Mom and the Girls' Trip to Ireland - 2016

Beyond the Pale


 

Martina Bailey

Martina Swift Bailey

Martina Swift Bailey

I owe an enormous debt to my great Aunt Martina for her perseverance in recording the memories of stories her parents and others told her! In fact, because she took the time while she was in her 80's to recall detailed descriptions of events in her life and in the lives of her family, dozens of people (if not hundreds) have a better appreciation of the family's roots in Ireland. Aunt Martina died in 1992 at the age of 103, and her published memoirs are a source to which I frequently return for a definitive word about the family history.

Martina Swift was the fourteenth and last child born to John Connell Swift and Mary Cecily Rimmer (including three children who died in infancy.) She married Leonard Bailey and they had a family of seven children. She had an amazing ability to recall detail from her life's experience, including childhood memories of her parents and her Grandmother Rimmer, all immigrants who came to America in 1850.

In 1907, when Martina graduated from St. James high school in Washington, IA, she sought qualification as a teacher by taking and pass the state board examination and obtaining a teacher's certificate.

I was pleased to earn my certificate but I knew that it was due to the good teaching I had received in the country school and from the Sisters at St. James, but it was my own dear mother who was the greatest influence. Mother inculcated the desire for learning by giving us good examples of reading and learning from various sources. She certainly encouraged us to continue our education.

As the youngest child in a large family, Martina had the advantage of hearing her parents' perspective on many events in their long life. As she wrote in her memoirs:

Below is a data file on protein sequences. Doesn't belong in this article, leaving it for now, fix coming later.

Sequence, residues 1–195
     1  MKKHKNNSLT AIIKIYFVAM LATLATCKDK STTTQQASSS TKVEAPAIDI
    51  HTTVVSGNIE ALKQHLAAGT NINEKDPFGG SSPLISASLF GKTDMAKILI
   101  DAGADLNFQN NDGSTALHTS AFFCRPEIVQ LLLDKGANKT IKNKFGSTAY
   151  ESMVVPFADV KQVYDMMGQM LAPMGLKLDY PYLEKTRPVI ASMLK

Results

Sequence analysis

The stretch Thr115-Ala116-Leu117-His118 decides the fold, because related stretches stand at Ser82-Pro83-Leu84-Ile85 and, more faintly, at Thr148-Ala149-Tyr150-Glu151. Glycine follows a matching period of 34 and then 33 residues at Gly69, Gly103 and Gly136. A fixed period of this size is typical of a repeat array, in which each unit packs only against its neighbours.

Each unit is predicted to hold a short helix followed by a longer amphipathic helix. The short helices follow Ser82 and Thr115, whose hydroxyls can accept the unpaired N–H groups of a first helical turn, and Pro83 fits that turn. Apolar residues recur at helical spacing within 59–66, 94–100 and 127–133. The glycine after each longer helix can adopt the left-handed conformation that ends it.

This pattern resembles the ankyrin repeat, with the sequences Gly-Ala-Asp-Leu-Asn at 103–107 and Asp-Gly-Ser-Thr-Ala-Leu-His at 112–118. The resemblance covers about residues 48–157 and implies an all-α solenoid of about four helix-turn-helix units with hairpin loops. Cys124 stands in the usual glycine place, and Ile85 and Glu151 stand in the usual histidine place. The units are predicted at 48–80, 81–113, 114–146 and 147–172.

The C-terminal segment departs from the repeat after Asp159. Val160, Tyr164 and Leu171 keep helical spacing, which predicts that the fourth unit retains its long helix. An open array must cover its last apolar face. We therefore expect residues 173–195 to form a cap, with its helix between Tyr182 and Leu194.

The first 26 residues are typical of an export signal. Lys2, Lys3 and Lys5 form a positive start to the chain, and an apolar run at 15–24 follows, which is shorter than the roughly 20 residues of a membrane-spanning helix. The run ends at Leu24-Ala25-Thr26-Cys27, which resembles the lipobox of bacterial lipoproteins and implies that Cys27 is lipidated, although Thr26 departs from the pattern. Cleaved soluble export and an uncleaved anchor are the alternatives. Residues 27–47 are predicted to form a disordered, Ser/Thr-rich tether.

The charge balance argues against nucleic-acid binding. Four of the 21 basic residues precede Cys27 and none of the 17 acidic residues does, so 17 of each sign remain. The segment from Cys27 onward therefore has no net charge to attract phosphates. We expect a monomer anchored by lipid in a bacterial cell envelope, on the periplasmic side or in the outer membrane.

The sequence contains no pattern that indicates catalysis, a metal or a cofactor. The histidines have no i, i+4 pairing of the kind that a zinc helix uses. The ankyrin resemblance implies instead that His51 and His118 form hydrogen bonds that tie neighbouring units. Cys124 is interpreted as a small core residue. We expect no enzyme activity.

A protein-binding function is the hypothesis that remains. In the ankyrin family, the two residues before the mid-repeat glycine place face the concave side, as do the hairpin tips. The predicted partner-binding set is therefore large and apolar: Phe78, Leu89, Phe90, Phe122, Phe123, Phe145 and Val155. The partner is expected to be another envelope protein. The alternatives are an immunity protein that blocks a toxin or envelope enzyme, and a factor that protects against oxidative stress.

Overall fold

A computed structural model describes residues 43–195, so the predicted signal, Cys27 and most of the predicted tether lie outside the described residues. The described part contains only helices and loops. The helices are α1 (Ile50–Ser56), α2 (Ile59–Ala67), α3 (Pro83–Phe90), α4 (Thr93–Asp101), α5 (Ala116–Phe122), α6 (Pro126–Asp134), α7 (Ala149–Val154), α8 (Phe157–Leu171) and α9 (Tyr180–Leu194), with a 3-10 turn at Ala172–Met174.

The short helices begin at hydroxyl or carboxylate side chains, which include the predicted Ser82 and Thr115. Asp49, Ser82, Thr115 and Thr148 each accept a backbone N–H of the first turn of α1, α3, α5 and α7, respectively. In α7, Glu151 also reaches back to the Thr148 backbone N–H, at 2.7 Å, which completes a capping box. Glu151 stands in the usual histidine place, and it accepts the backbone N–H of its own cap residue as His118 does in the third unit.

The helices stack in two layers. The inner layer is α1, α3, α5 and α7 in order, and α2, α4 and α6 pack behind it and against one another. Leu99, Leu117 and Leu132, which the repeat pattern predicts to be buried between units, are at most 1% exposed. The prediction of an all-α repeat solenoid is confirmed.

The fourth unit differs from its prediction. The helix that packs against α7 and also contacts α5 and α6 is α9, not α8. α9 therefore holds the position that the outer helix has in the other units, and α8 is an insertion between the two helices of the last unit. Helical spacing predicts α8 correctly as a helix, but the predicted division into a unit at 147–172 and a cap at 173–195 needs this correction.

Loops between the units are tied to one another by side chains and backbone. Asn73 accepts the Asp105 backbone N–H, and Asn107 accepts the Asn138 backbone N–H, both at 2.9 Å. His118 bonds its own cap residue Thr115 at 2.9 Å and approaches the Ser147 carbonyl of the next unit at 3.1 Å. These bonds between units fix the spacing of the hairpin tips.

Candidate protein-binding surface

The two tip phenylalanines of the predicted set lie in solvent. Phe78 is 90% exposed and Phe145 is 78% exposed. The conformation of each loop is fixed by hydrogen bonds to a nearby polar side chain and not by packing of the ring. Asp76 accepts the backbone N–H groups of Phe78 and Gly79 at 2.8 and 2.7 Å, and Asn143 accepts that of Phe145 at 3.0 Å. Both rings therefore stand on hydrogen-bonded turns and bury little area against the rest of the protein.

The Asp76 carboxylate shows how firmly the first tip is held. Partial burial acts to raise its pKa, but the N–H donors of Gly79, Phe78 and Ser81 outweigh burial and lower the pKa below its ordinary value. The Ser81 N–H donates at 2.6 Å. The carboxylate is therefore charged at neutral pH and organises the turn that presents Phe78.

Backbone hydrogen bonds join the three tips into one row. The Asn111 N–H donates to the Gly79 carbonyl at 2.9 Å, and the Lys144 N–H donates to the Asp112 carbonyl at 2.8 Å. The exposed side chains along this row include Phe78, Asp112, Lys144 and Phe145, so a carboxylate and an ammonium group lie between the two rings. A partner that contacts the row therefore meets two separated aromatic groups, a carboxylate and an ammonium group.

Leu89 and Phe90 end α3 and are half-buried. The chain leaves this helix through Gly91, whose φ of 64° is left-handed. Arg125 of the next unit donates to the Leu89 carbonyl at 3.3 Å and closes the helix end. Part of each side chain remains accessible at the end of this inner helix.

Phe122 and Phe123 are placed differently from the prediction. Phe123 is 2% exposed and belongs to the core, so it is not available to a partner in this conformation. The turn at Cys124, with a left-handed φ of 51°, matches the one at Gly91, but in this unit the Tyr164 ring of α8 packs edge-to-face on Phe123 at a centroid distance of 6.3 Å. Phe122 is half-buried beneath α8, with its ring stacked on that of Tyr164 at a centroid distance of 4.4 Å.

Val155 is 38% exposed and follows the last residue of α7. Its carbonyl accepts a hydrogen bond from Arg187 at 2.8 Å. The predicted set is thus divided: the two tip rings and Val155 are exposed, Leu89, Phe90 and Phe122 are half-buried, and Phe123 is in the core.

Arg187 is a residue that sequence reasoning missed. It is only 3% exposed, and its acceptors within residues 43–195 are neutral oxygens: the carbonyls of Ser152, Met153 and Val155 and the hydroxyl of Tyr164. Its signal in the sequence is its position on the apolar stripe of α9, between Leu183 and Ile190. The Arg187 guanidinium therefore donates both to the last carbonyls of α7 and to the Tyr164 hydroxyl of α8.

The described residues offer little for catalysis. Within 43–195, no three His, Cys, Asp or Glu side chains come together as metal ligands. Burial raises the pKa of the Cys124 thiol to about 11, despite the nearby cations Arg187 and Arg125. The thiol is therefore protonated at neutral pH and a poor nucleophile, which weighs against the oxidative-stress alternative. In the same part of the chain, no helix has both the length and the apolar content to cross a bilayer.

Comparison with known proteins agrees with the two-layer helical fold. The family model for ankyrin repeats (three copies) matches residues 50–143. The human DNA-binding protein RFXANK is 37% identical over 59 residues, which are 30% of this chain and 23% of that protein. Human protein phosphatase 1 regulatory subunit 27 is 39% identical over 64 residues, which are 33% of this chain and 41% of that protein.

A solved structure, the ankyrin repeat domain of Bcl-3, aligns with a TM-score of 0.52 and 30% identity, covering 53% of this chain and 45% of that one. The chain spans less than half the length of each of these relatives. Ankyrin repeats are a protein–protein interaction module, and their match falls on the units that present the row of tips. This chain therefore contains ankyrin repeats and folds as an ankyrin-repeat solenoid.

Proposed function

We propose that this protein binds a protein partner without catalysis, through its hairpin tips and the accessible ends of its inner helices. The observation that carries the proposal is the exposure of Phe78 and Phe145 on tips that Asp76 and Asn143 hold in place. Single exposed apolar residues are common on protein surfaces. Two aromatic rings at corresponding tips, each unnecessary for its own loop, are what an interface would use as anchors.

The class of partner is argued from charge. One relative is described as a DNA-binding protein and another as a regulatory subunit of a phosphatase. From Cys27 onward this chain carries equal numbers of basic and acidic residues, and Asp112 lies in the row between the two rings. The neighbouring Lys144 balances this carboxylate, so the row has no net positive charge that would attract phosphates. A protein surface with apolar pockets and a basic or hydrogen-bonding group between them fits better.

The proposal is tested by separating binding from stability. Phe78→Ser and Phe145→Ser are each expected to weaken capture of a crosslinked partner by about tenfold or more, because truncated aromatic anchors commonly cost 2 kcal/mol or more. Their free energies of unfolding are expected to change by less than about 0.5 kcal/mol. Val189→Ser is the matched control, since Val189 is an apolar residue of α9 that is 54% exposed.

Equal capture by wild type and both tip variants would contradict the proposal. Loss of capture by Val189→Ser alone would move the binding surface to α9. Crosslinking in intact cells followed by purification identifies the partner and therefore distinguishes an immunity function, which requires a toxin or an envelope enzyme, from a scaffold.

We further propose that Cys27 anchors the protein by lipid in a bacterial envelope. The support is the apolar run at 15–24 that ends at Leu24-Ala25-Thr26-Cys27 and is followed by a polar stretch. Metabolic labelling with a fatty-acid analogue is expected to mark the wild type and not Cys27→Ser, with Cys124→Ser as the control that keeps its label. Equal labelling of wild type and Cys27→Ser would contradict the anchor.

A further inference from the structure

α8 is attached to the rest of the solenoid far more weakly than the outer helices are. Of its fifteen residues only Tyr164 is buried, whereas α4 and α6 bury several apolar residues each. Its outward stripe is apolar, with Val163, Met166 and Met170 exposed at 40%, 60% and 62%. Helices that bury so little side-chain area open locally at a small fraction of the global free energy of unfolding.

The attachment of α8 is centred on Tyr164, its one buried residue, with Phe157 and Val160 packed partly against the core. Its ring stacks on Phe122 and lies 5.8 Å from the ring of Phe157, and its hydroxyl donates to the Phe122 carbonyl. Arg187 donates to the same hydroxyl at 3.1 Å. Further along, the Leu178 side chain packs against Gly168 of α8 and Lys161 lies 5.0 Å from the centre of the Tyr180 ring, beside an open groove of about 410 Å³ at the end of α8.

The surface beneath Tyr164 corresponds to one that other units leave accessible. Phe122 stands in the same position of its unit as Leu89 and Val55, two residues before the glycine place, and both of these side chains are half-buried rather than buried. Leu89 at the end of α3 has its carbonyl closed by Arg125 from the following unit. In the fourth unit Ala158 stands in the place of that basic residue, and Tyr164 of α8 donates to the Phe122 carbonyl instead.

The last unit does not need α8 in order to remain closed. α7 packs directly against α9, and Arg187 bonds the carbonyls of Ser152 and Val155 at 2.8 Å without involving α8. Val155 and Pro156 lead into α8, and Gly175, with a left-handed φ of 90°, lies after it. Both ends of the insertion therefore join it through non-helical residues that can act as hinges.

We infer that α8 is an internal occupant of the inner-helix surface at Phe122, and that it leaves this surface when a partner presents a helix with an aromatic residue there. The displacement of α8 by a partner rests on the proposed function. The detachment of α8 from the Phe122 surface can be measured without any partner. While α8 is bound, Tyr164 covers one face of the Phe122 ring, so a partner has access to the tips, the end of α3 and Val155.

It was during this winter [1908-1909] that Dad, Mother and I had long talks about their earlier years. It had been forty-four years since they first came to Iowa. Dad would explain the tree planting, the quarry where he got the rock for the cellar and the well, the trips to Perlee, and about his relatives. It was the same with my mother and it was only natural that it was then that I bought a five-cent note book and began my genealogy note taking. My, but it has been updated so many times. The family has long since outgrown the original nickel note book. Inflation has out grown the nickel note book, too.

Martina's daughter, Sister Joan Bailey, organized the compilation of her mother's memoirs into a printed volume, transcribing audio tapes to a typewritten transcript and then later typing it all again into a computer. Copies of the book were widely shared with family members, and in 2009, Ralph Roesler (husband of one of Martina's granddaughters) compiled the text and added photos to produce a self-published volume which can be acquired for a reasonable sum. (Click here for additional information.) Reading the Memoirs of Martina Swift Bailey is mandatory for those who seek to gain an appreciation of the experience of our immigrant ancestors and their extended family.


 

 
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This page was last edited on 16-Jun-2016

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